Types of Psychology Degrees
Preparing for a Career in Psychology
Psychology offers a wide range of various degrees, from basic B.A.s to post-doctoral degrees. Most common professional degrees are those in the M.A./M.S. range and doctoral levels. These areas of specialization provide training for many varieties of psychological practice and theory.
Examples of a Variety of Degree Specializations
- Developmental psychology
- Forensic psychology
- Clinical psychology
- Child psychology
- Substance abuse/addiction psychology
- Recreational psychologist
- Family counseling
- Marriage counseling
- School psychologist
- Rehabilitation counselor
The Diversity of Psychological Degrees
To choose an effective degree program for your career goals, it’s vital to familiarize yourself with the many areas of specialization. As indicated by the above extremely partial list, there are many specializations. Degrees tend to break down into the broad types of work a student hopes to perform. Counseling degrees open doors to hands on interactions with clients, providing guidance and oversight. Social work prepares a student for extensive case work, but often focusing on providing help and services to families and individuals, while serving in an oversight service and extension of the court system for the government.
Many forms of psychology focus intently on narrow aspects of psychological study. Clinical psychology is based on applied theory tested against science. Degrees in clinical psychology tend to be on the doctoral level, as are degrees in neuropsychology and forensic psychology. While not medical degrees, the element of scientific observation and theory brings these specialties very close to the realm of psychiatry. Some schools offer medical psychology degrees – a shift from normal practice, in which psychiatrists hold medical degrees and psychologists hold professional/academic degrees but are not qualified to practice medicine.
Another largely theoretical range of psychological degrees includes industrial psychology, cognitive psychology, evolutionary psychology and others. These classifications indicate a common divide in psychological degrees. Many are focused on study, research, science, and theory. Another broad grouping, however, is more involved in active applications of psychology. In some instances, you can determine clear instances where one specialization is science and theory oriented, and another is focused on applied use. For example, developmental psychiatry is focused on theories of the ways the brain and mind develop. Child psychology, however, while dealing with similar issues, is less focused on theory and scientific observation, and more focused on direct efforts to provide therapeutic care to children in need of treatment, or information to groups who need to understand the basic aspects of the various stages of childhood.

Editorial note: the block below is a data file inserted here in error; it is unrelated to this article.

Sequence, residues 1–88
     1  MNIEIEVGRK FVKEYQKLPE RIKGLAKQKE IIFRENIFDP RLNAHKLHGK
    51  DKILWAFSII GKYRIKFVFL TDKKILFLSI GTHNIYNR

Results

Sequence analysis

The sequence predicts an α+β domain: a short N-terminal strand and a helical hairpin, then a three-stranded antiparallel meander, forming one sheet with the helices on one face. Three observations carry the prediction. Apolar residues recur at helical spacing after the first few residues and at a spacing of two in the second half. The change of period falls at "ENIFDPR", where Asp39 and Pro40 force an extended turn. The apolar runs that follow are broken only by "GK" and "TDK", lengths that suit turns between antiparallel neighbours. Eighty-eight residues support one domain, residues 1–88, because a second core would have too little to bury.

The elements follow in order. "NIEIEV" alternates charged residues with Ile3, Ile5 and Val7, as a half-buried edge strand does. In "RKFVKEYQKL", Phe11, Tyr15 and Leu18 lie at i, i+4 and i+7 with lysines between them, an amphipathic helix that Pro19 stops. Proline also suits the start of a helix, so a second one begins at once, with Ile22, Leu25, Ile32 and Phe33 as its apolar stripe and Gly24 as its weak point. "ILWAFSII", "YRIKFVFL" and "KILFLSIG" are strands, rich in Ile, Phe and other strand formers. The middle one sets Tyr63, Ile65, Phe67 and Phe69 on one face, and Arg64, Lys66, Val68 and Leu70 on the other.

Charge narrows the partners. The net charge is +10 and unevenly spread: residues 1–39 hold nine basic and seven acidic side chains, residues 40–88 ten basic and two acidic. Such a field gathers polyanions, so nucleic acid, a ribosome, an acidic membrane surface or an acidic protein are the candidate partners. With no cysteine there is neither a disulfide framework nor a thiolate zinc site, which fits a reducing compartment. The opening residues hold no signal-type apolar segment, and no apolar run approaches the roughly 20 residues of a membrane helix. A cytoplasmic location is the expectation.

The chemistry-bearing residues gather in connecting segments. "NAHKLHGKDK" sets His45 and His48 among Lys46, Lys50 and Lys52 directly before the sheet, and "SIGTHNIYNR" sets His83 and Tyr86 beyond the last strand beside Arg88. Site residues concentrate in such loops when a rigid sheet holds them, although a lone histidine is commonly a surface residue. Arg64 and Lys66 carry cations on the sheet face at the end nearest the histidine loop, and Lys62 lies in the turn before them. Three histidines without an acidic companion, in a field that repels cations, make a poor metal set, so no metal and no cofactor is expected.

What Degree to Choose
There’s no easy answer to that. With so many possible levels of training and specialties, and a variety of different classifications, broad statements aren’t easy or accurate. The best approach is to familiarize yourself with the basic divides – normal and abnormal psychology, adult and child, theory and applied. Learn the different schools and approaches to psychiatry. Then begin a dedicated and careful process of inquiry with different schools, exploring the degree tracks and discussing the various careers that would follow after obtaining a specific degree.
For a simple first-cut breakdown of degrees and degree types, Allpsychologyschools.com serves as a good resource, as do the basic articles on approaches to psychology on the Allaboutcounseling.com site. These can only function as an introduction, however: the only reliable way of determining your preferred field of study, and the right degree and degree program for you, is through direct research and discussion with the various colleges, universities and on and offline institutions available.
Do take online schools into account: many provide sound and extensive programs, certification and licensing qualifications, and reasonable payment programs, allowing access to education that would have been impossible for many only a few years ago. The primary disadvantage of enrolling in an online school is that they are new, have yet to develop substantial prestige, and offer few if any direct training or internship options.